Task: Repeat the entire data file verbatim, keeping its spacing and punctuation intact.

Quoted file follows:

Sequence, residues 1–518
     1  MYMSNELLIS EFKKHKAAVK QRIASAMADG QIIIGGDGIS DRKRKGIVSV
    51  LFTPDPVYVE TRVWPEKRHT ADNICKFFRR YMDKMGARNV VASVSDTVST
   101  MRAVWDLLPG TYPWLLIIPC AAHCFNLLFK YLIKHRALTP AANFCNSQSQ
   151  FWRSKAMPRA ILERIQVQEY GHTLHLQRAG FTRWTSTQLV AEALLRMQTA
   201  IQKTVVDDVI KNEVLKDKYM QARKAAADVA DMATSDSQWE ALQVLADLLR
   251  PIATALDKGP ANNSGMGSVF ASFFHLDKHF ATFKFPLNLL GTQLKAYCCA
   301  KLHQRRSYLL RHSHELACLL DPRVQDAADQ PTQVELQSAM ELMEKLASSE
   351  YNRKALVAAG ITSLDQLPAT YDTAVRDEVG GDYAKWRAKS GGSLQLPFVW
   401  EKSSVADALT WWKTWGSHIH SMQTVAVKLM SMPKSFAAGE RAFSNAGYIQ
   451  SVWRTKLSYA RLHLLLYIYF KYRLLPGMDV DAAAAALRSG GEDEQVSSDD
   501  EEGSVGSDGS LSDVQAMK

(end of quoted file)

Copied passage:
Sequence, residues 1–518
     1  MYMSNELLIS EFKKHKAAVK QRIASAMADG QIIIGGDGIS DRKRKGIVSV
    51  LFTPDPVYVE TRVWPEKRHT ADNICKFFRR YMDKMGARNV VASVSDTVST
   101  MRAVWDLLPG TYPWLLIIPC AAHCFNLLFK YLIKHRALTP AANFCNSQSQ
   151  FWRSKAMPRA ILERIQVQEY GHTLHLQRAG FTRWTSTQLV AEALLRMQTA
   201  IQKTVVDDVI KNEVLKDKYM QARKAAADVA DMATSDSQWE ALQVLADLLR
   251  PIATALDKGP ANNSGMGSVF ASFFHLDKHF ATFKFPLNLL GTQLKAYCCA
   301  KLHQRRSYLL RHSHELACLL DPRVQDAADQ PTQVELQSAM ELMEKLASSE
   351  YNRKALVAAG ITSLDQLPAT YDTAVRDEVG GDYAKWRAKS GGSLQLPFVW
   401  EKSSVADALT WWKTWGSHIH SMQTVAVKLM SMPKSFAAGE RAFSNAGYIQ
   451  SVWRTKLSYA RLHLLLYIYF KYRLLPGMDV DAAAAALRSG GEDEQVSSDD
   501  EEGSVGSDGS LSDVQAMK